The Battle of Glen Fruin

The Glen of Sorrows

On 7 February 1603 Clan Colquhoun, led by their chief Alexander Colquhoun of Luss, went into battle against Clan Gregor led by their chief Allaster MacGregor of Glenstra. The MacGregors were supported by members of Clan Cameron and the Colquhouns had royal assent from King James VI to pursue the MacGregors.

Photograph of a stone bridge over Auchengaich Burn, Glen Fruin, with a view to the hills in the background. cc-by-sa/2.0 - © Trevor Littlewood -
Bridge over Auchengaich Burn, Glen Fruin. Credit: Trevor Littlewood

The MacGregors, like most clans, were inveterate cattle thieves and raiding the lands of other clans was common place. The MacGregors had been raiding Colquhoun lands for some years. However, on 7 December 1602 about eighty MacGregors, led by Duncan Mackewin MacGregor, raided Glen Finlas and stole three hundred cows, one hundred horses and mares, four hundred sheep and four hundred goats. They also raided the houses and two Colquhouns were killed, and many wounded, elevating an audacious theft that stole perhaps all the Colquhoun livestock in the glen into a blood feud.

The Colquhouns sought royal assent from King James VI to pursue the MacGregors to seek justice for the killing and theft. Despite an Act of Parliament banning the carrying of arms the King granted a commission of lieutenancy to Colquhoun of Luss which gave him the authority to seek recompense for the crimes and to apprehend the perpetrators. The royal assent to the Colquhouns provoked Clan Gregor and they too armed themselves ready for battle.

The battle took place at the Head of Glen Fruin near Strone and at the entrance to Auchengaich Glen. A memorial stone today overlooks the area of the battle. The MacGregors are said to have had nearly 400 foot soldiers and the Colquhouns about 500 foot soldiers and 300 horsemen. The MacGregors had arrived first and taken the advantageous position and trapped the Colquhoun forces as they marched out of Auchengaich Glen in boggy ground. The boggy ground made the horses useless and the foot soldiers were stuck in the bog. The MacGregors charged the Colquhouns from the front and attacked them from the rear. It was a massacre.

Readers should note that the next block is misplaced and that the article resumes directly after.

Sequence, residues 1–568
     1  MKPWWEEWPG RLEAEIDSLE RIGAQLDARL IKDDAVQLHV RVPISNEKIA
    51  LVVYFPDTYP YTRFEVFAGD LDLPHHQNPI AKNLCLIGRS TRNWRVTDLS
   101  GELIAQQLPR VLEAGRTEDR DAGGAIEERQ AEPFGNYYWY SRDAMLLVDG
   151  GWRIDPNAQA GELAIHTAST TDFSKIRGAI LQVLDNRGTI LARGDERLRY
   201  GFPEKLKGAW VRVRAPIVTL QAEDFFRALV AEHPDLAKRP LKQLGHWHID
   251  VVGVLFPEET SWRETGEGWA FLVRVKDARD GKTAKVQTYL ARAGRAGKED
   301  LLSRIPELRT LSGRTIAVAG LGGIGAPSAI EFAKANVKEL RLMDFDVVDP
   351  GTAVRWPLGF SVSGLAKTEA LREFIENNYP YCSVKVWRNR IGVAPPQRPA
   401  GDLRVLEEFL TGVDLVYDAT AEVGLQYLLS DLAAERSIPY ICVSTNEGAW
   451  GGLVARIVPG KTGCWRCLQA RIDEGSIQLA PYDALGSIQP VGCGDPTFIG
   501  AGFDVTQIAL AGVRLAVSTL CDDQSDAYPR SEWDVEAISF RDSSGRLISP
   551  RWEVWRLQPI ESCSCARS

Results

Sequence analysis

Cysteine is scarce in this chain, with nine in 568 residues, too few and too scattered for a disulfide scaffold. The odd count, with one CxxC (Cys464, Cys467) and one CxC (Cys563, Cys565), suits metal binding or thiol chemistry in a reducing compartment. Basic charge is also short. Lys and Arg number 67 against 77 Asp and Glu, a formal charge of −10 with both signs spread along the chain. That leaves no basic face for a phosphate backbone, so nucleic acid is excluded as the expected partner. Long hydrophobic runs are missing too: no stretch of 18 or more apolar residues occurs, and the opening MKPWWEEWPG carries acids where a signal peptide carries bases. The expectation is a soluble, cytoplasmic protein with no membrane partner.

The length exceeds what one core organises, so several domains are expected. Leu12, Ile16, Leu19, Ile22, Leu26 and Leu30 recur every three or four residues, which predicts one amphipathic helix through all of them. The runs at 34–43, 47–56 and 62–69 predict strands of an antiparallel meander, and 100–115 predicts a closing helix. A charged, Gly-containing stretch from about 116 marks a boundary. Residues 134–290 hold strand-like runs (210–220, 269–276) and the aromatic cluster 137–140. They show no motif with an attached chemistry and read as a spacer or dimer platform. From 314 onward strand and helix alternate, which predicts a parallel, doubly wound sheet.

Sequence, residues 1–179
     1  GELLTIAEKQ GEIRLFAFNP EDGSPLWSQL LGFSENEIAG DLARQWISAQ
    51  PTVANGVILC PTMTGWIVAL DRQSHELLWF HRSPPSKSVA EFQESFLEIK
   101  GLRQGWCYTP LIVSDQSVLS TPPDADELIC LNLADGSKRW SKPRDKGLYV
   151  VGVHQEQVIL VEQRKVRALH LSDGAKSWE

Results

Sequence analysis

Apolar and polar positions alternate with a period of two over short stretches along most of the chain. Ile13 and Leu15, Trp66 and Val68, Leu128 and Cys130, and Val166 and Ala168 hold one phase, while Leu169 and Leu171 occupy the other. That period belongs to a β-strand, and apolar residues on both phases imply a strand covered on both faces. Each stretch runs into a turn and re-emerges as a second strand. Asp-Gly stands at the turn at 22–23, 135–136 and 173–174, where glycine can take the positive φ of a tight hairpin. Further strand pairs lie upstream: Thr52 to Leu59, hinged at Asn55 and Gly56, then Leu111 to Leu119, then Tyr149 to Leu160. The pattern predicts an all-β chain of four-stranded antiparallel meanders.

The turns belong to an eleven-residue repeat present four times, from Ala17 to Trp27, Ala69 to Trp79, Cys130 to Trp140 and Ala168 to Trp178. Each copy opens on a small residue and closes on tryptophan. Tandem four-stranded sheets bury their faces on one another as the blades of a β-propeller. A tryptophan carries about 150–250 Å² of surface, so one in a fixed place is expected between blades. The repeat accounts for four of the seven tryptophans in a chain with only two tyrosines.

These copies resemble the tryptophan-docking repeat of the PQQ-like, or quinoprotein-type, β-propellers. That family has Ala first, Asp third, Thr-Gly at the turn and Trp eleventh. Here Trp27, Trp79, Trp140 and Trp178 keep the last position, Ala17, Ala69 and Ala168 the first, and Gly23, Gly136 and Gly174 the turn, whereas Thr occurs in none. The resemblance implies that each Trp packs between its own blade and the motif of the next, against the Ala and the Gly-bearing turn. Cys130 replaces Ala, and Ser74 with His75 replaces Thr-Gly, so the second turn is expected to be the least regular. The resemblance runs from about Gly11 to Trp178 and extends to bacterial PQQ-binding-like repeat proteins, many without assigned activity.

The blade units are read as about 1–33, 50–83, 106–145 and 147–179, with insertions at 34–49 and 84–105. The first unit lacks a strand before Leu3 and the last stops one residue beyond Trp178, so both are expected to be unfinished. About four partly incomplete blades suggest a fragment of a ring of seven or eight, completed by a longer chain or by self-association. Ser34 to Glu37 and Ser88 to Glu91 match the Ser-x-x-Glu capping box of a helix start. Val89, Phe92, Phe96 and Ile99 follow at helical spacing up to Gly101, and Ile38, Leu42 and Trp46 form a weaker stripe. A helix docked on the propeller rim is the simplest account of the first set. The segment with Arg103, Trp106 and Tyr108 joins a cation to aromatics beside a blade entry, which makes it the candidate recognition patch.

The At least 140 Colquhouns, perhaps as many as 200, were killed and many more wounded with light losses on the MacGregor side. John MacGregor, the Chief’s brother was one of the Macgregor casualties. Legend holds that eighty theology students from Dumbarton who had come to watch the battle were also murdered by the MacGregors. Alexander, the Colquhoun chief, managed to escape back to his castle at Rossdhu.

Photograph of the Memorial to the Battle of Glen Fruin. cc-by-sa/2.0 - © Lairich Rig -
Memorial to the Battle of Glen Fruin. Credit: Lairich Rig

The MacGregors paid a heavy price for the massacre. The Clan Chief Allaster MacGregor was executed in 1604 along with eleven of his chieftains and the clan was proscribed for over 150 years. King James VI sought to unite and build his new Britain and clan feuds were no longer to be tolerated. An example was made of Clan Gregor, they were stripped of their name and outlawed, and in 1633 it became legal to hunt them to death with bloodhounds. It was not until 1784 that they were once again allowed to take their clan name and again enjoy the full rights of British citizenship.

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